Khik pingsung 
Thd khikgno 

Khik pingche 
Khik thdping che 

Tokche 

Tokto. To'ko * (tokko) 

Tok pingko 

Tok pingto 

Toksung 
Tok pingsung 
Tokpingche 
Garat pdnche 
Garat pdko 
Garat papingko 

Garat posung 



* Khi'ko and toTco, like H'po, vomit it, are falling out of use because of the homo- 
phones ; but they are the true forms, aud the others refer to a third party. See the word 
Exchange. 



VAYU VOCABULARY. 



251 



Belch him or for him 

Cause me to belch or be belched at 

Cause him to belch or to be belched at 

on another's account 
Cough, ac. intr. 
Cough at, tr. 
Cough me, cause me to cough by own 

agency 
Cause me to cough or to be coughed at 

through another's agency 
Cause thyself to cough or to be coughed 

at through same 
Hiccup, ac. intr. 
Yawn, intr., tr. 
Cause to yawn 
Cause me to yawn 
Cause thyself to yawn 
Do thou thyself cause me to yawn 
Do not thou cause me to yawn 
Yawn not, intr. and tr. 
Lick, ac. intr. 
Lick it, tr. 

Cause to lick or be licked 
Lick me or for me 
Lick thyself or for thyself 
Lick it for him 
Cause me to lick or be licked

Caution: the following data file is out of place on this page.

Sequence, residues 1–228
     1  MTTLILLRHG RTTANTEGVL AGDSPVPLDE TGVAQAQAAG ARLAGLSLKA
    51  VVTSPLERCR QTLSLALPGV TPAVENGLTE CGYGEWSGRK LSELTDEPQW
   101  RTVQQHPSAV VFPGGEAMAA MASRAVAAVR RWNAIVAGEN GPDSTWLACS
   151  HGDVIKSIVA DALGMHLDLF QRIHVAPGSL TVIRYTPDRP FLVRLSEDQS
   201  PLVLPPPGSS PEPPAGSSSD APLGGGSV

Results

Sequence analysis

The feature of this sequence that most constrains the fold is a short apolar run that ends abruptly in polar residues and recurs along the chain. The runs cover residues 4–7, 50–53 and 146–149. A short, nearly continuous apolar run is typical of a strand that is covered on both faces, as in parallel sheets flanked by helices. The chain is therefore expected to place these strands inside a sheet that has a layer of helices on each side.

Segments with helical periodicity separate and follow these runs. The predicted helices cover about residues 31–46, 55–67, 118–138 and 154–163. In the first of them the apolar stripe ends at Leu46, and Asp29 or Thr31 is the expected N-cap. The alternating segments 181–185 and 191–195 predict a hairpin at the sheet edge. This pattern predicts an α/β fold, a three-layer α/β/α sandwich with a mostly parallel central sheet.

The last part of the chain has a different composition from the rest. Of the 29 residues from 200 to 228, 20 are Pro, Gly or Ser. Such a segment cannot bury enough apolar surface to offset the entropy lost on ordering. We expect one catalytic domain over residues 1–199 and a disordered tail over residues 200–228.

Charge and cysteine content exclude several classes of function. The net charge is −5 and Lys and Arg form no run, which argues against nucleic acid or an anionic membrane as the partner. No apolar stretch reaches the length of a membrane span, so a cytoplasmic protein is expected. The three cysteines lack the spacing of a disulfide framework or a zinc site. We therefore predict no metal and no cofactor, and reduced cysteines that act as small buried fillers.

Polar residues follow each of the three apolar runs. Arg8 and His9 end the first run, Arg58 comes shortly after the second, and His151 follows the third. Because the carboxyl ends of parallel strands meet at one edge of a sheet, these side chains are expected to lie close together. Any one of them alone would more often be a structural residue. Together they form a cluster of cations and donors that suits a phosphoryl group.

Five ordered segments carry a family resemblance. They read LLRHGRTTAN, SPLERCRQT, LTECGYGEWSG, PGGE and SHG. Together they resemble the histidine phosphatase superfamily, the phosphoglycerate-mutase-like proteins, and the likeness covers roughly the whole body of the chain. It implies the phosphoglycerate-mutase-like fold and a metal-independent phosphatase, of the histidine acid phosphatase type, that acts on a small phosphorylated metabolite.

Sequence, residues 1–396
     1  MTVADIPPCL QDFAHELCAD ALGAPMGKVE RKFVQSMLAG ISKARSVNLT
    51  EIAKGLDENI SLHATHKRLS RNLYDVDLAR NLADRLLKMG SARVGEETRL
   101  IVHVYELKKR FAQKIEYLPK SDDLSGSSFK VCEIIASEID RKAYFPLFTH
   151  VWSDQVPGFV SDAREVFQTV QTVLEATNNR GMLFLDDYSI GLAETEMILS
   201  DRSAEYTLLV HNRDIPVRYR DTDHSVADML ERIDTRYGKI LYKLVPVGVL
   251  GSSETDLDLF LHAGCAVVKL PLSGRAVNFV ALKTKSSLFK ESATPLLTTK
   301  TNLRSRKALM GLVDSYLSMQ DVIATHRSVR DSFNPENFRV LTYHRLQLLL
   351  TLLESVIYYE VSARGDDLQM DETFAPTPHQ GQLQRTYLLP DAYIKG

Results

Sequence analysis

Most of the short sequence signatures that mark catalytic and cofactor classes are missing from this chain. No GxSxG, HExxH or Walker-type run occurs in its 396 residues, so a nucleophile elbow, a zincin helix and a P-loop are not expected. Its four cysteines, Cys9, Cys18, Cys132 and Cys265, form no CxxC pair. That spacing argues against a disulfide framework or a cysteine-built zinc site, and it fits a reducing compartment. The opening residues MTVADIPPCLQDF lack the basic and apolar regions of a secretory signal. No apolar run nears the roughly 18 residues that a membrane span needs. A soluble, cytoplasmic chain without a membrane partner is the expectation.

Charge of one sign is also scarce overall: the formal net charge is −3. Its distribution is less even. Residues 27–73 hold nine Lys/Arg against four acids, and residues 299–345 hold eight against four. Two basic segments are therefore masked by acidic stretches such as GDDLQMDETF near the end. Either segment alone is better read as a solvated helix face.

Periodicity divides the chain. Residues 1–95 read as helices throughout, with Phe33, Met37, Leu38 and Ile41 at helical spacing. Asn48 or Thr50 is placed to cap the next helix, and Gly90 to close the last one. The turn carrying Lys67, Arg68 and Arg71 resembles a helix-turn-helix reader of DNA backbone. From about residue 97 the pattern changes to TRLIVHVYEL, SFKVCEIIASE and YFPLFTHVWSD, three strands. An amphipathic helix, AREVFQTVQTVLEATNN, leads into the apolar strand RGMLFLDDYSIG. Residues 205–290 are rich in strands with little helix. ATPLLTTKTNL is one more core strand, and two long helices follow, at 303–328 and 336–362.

Cause thyself to lick or to be licked 
Cause him to lick or be licked 
The same, on account of, or in lieu of, 

another 
Suck, a. intr. 
Suck it, tr. 
Sack me or for me 
Suck thyself or for thyself 
Suck it for him 
Cause to suck or to be sucked 
Cause me to suck or be sucked 
Cause thyself to suck or be sucked 
Cause him to suck or be sucked 
Bite, tr. 
Bite not 

Cause to bite or to be bitten 
Cause not to bite or be bitten 
Bite me 
Bite me not 
Bite thyself 
Bite him 
Bite it for him 
Cause me to bite or be bitten 
Cause me not to bite or be bitten 
Cause thyself to bite or be bitten 
Cause him to bite or be bitten 
The same on another's behoof 



Garat pdto 
Garat pdpingsung 
Garat papingto 

Khwen khwen. pjCnche 
Khwen khwen pdko * 
Khwen khwen posung or pdsung 

Khwen khwen papingsung 
Khwen khwen pdpingche 

Tukum pdnche 

Wakum pdnche, intr. Wakum pdko, tr. 

Wakum pdpingko 

Wakum pdpingsung 

Wakum pdpingche 

Wakum posung. Wakum thd po 

Wakum thdpogno 

Wakum thd pdnche 

Popche 

Po'po (poppo, conj. viii.) 

Pop piugko 

Popsung 

Popche 

Pop to 

Pop pingsung 

Pop pingche 

Poppingko 

Poppiugto 

Pipche 

Pi'po (pip-po, conj. viii.) 

Pipsung